Can the solutions to many of the problems we are facing today including traffic management really lie in innovative projects from students? Well, the students of BMS College of Engineering on Wednesday displayed about a 100 of their live projects, many of which directly concern everyday problems challenging the society.

One of the projects was a driver assistance system that promises to help prevent traffic accidents. The device which is to be installed in cars, can detect obstacles on the way and send across a warning to the passengers accordingly.

“This device sends a signal to you when you are entering areas that have schools and colleges, so you will be able to mind your speed limit,” said Divyashree NV, one of the students who developed the project. It also detects day and night and switches on headlights accordingly.

Another system developed by the students was a cheap version of voice activated controls to help control everyday utilities like the electrical lights we use at home.

“We developed a software that can essentially help us install this system within `2,000. You just have to say ‘light’ and the lights will be activated,” explained Apoorva LV. All projects were not models but live projects developed by the students of the final year. One of the few projects that was funded, was funded by the Karnataka State Council for Science and Technology which aimed to help those with amputated limbs, move without pain.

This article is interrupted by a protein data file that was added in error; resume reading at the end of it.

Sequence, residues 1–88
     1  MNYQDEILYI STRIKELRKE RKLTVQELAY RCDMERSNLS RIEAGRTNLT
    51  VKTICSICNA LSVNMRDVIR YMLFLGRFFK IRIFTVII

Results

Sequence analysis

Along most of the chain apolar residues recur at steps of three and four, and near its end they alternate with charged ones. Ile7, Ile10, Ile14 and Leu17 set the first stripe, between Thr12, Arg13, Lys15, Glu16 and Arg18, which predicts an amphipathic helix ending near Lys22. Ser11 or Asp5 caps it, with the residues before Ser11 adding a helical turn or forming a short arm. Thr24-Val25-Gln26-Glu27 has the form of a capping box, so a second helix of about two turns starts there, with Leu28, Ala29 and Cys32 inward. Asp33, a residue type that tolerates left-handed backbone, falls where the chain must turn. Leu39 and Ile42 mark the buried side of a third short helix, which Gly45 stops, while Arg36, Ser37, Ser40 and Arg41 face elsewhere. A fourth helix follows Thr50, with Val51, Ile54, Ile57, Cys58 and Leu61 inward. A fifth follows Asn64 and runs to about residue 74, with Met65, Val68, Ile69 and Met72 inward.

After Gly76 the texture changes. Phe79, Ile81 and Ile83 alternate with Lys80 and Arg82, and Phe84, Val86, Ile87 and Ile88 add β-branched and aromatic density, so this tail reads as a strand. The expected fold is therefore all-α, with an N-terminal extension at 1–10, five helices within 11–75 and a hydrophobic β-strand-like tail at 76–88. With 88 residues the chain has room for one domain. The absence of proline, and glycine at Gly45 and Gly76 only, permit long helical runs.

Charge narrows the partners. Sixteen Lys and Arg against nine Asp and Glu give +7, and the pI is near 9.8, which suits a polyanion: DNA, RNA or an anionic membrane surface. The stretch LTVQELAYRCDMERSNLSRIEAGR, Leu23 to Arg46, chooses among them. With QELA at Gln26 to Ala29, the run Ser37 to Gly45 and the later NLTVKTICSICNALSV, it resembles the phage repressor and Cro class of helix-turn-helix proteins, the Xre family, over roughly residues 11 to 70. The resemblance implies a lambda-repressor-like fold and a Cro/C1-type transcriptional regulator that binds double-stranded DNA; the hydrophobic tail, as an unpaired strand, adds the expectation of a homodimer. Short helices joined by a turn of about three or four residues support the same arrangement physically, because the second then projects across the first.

The project is only applicable to those who have one functioning leg because it takes cues from the functioning leg and moves the amputated limb accordingly.  “It’s a gait prediction system wherein we have given the function of a knee to the amputated limb. So if you move your healthy leg, immediately the artificial limb will take its cues and bend the knee accordingly. It saves you from a lot of pain,” added Sneha Das.

And there was even something for star gazers, as a couple of students along with help from ISRO, developed a system that can detect space objects (satellites launched from Earth) at any given time using relatively easy-to-use software. The future of science does seem to lie in the hands and minds of the young!

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